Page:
| 10:48 pm on May 22, 2007 (gmt 0)|
Don't really know that I agree with this.
Since a lot of people banned also advertise on adwords, it is possible that competition will go down, and thus prices will also go down.
Sure ad inventory will drop, but there are too many factors to make that assumption.
Personally I think in some segments advertising costs will drop substantially. In others they may rise slightly. I seriously doubt the impact will be the same across the board.
For your information not all advertisers like smartpriced adsense ads. They are smartpriced for a reason, and they still may be overpriced.
| 10:56 pm on May 22, 2007 (gmt 0)|
I (and more importantly my clients) need sites that convert. Content network sites haven't historically converted all that well for us in various sectors. And particularly arbitrage sites haven't converted. I'd just as soon have many of them out of there. I don't mind paying more per click for actual conversions.
| 11:08 pm on May 22, 2007 (gmt 0)|
netmeg I agree. content has a horrible reputation because of unethical content sites and its time Google did something about them because advertisers hate them and searchers hate them. i know content converts for a number of industries so i continue to use it but i'd rather pay more for a conversion than pay less for a lot of non-converting clicks or impressions.
| 11:30 pm on May 22, 2007 (gmt 0)|
|Some arbritage sites are providing large amounts of traffic at very low prices to you. |
I know many AdWords advertisers are aiming for those cheap 1-5 cent clicks.
All of that traffic is 100% worthless if it doesn't convert so things can and probably will go in the other direction...crappy traffic will drop and all those thousands of cheap clicks (which add up to many thousands of dollars) will not be wasted and profitability will improve.
Plus, with Google releasing new reports that allow advertisers to see the sites and pages their ads show up on, we can now further block and eliminate non converting traffic.
As an example, I have been using a script that tracks the sites and conversions from content network sites and for some campaigns I now have over 14,000 sites blocked! (sounds insane but true) and profitability has greatly increased.
If anything the content network is about to get a lot more competitive as advertisers who have shunned it in the past begin to take a second look.
Google ain't dumb...
| 1:43 am on May 23, 2007 (gmt 0)|
|I have been using a script that tracks the sites and conversions from content network sites and for some campaigns I now have over 14,000 sites blocked!....If anything the content network is about to get a lot more competitive as advertisers who have shunned it in the past begin to take a second look. |
Sounds like it'll be getting more competitive for publishers, too. (14,000 sites blocked? You could get carpal tunnel just by populating your domain filter!)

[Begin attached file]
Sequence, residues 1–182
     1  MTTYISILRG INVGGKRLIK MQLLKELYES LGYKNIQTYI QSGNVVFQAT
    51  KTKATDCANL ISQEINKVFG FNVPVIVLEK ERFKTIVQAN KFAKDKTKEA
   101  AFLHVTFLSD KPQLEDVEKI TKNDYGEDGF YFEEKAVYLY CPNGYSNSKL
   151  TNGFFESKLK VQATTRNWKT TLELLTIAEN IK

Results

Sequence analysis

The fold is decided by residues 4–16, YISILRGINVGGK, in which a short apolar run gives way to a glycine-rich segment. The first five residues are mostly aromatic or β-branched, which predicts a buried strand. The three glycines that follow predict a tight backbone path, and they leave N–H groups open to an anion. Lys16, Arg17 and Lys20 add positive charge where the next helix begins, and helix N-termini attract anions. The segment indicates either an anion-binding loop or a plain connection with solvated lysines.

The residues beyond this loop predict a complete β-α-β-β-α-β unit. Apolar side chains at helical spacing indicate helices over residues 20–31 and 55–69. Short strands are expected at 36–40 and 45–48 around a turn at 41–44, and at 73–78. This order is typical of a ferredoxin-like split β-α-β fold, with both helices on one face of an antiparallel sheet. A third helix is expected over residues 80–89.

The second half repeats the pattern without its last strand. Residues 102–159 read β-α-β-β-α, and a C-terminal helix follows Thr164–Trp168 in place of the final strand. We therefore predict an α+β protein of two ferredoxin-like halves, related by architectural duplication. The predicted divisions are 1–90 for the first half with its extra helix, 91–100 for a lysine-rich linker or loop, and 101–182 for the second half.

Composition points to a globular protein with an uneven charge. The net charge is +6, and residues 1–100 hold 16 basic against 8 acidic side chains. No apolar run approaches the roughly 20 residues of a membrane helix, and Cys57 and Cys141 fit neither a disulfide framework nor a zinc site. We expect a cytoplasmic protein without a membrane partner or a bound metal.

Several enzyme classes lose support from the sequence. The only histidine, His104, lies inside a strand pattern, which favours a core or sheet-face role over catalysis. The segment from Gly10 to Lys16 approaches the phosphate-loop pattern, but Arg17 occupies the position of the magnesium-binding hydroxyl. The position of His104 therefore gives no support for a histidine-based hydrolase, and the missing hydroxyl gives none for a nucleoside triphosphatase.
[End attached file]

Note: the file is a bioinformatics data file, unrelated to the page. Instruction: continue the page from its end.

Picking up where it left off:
| 1:49 am on May 23, 2007 (gmt 0)|
I am glad they are cracking down on the arbritage sites. Its about time they did. May be we will feel more comfortable in advertising on the content network now.
| 2:21 am on May 23, 2007 (gmt 0)|
|You could get carpal tunnel just by populating your domain filter! |
LOL Well, I can just export all of the sites I want to exlcude at once and then copy paste into the site exclusion feature.
Truth be told there are really only a few really horrible sites that send tons and tons of poor traffic but the sheer number of sites is very surprising and all those clicks add up when you have that many.
For me it's not about targeting arbitrage sites in particular but rather sites that send non converting traffic. If a made for adsense site is sending me tons of traffic that converts I'm a happy guy...but then who wouldn't be :-)
| 2:23 am on May 23, 2007 (gmt 0)|
|I am glad they are cracking down on the arbritage sites. Its about time they did. May be we will feel more comfortable in advertising on the content network now. |
| 8:28 am on May 23, 2007 (gmt 0)|
I'm glad this subject has been bought up. I for one am pleased if the sites with zero content and three adblocks disappear, but am concerned that some of the other content rich sites - that are intrinsically MFA may also be targetted. Speaking for myself - these sites convert well. A person arrives at the site looking for blue widgets. He reads the site content about blue widgets. Then wants a blue widget and sees my add. I have blue widgets for sale - job done. That click has cost me significantly less than a search traffic click, the person who clicks the add is actually getting what he wants. All are happy.
It is not so much these type of sites, in my opinion, that cause the problem - I find that these sites can often focus and channel a subject area.
I intensly hate all the sites with multi blocks of ads and zero content, no navigation etc etc.
| 1:12 pm on May 23, 2007 (gmt 0)|
"It will also reduce the volume."
Made me laugh! Whose volume are you referring to?
Since we pay for all clicks, those that are junk water down our performance. Minimizing volume is part of maximizing roi.
Attempt to elicit sympathy ain't working for me.
You milked the system for a while, find something new. If you want to end the cycles, find something sustainable - like actually adding value in your step of the ecommerce path.
| 4:04 pm on May 23, 2007 (gmt 0)|
You know what I won't mind paying more for quality leads other that the junk for the Arbritage sites.
One reason Google may be cracking down is I have reduced our spend from 20k a month to 5k a month due to all the bad traffic. I know it wasn't me alone but suppose 10 thousand of us did the same thing that is 150 million then I am sure someone is looking. I got a survey andd answered why we were cutting back a while back. Got out of content search as it was nothing but junk so maybe I will relook at our spend and possibly get back into content match as well...